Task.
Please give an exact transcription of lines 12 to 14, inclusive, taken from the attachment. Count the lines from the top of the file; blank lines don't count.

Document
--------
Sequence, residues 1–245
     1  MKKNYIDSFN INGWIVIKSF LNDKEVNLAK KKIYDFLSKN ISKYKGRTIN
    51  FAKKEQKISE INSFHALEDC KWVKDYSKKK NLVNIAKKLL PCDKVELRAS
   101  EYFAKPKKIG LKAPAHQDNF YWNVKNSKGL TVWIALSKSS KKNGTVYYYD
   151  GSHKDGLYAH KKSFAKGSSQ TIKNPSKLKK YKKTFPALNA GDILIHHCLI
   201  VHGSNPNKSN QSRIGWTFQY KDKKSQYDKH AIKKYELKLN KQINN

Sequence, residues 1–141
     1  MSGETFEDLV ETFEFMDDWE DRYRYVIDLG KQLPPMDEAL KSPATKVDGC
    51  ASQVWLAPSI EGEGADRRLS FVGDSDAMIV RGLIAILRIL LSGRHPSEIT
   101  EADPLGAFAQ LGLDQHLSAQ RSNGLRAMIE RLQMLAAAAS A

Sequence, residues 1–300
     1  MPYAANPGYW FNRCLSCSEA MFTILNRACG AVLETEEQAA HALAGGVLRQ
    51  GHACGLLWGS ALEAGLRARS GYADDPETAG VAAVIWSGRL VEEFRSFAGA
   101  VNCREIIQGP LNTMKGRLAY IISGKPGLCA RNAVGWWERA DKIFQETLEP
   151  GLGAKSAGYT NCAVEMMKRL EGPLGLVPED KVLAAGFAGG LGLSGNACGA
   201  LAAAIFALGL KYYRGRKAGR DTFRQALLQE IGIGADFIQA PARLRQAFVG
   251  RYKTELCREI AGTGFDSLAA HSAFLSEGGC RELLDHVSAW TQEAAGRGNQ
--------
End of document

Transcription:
     1  MPYAANPGYW FNRCLSCSEA MFTILNRACG AVLETEEQAA HALAGGVLRQ
    51  GHACGLLWGS ALEAGLRARS GYADDPETAG VAAVIWSGRL VEEFRSFAGA
   101  VNCREIIQGP LNTMKGRLAY IISGKPGLCA RNAVGWWERA DKIFQETLEP